Being that I was at the time the world-wide leading repair technician in terms of the sheer number of completed repairs of these two models, I just wouldn't let it go. I continued to make a stink about it until the company was forced to send one of the repair bible toting "technician-gods" out to our shop.
He came all the way over from Japan to tell me to my face how wrong I was. He pointed at the repair bible he had written. He told me that everyone did it this way and that to do it any other way was wrong. I let him go on and on about how he wrote the manual and was the very engineer who actually designed the camera. I then smiled and said okay. I then proceeded to do it exactly as he had instructed. I then proceeded to show him that doing it that way produced an out of focus image each and every time because the two lens groups were in practical fact - different.
This was because, in spite of what he thought, what he said or what he did, that no matter who or how many people agreed with him and that no matter what materials he read out loud or pointed to to show me how right he, they and it all were, he was, wrong
, plain and simple. I worked for three or four other Japanese camera companies repairing their cameras. Wouldn't you know it, I found most all the lead engineers just about the same. One could say it was part of the Japanese cultural enigma. One might also have other, less polite names for this, too...
Years later I found myself working for another Japanese camera company. I had (temporarily) been assigned to replace a Japanese QC inspector who had fallen ill. I did the quality control inspection of all cameras that had been repaired under warranty both by outside subcontractors, such as I had been, and by the in-house Japanese repair technicians who worked at the manufacturing plant along side of me. Upon settling in, I found that there was a minefield of politics when it came to rejecting a repair done by one of the in-house Japanese technicians. I was told that if there was any problem upon inspecting their repair that I was to politely put the unit back on the technicians desk for them to review my findings after which they would return it to me for re-inspection. The point of all of this is that of course they would re-repair the problem I had found and then give it back to me with a note indicating that they couldn't find anything wrong with the unit. This was so that their re-do percentage rate would remain under the required 6%, typically more than half even the best outside repair technicians who averaged a 12% to 20% re-do rate - a point they would more than casually throw into the faces of many of their non-Japanese counterparts. I found it appalling that they used an accepted method of faking these statistics, while requiring me to track the exact count of the repair-state of every single unit in terms of if it passed or failed inspection. I mean an outside subcontractor company's contract could be terminated at will based upon these statistics, resulting in the loss of hundreds of thousands of dollars and more, but in-house technicians were never reprimanded, retrained nor (gasp) terminated no matter what their actual abilities or inabilities were.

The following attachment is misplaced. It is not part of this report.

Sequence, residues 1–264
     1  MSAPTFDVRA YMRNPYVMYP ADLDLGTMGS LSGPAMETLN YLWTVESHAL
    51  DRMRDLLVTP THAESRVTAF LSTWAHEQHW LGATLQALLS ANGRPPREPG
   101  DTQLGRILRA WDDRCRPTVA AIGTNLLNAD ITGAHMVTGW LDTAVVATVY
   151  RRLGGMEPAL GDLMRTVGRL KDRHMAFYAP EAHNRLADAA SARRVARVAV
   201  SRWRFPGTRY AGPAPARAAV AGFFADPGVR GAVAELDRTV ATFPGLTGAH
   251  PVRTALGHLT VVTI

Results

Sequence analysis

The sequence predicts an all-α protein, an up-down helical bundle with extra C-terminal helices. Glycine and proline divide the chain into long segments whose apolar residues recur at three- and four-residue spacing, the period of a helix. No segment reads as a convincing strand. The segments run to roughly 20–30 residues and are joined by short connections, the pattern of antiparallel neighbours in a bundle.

Well, having maintained a world-class repair technician status (with a record-setting 2% re-do rate after the unit was 1year back in the field) I chose to make a stink about this hypocracy. Needless to say, the company found some reason to let me go rather than implement an actual accounting method I had devised which would facilitate the training and development of their core, know-it-all, Japanese technicians... You know, the same ones who would be dispatched to all of the outside subcontractors stations to train the "non-Japanese" technicians ...repair-bible in hand, of course. You do the math.
Best in training to all...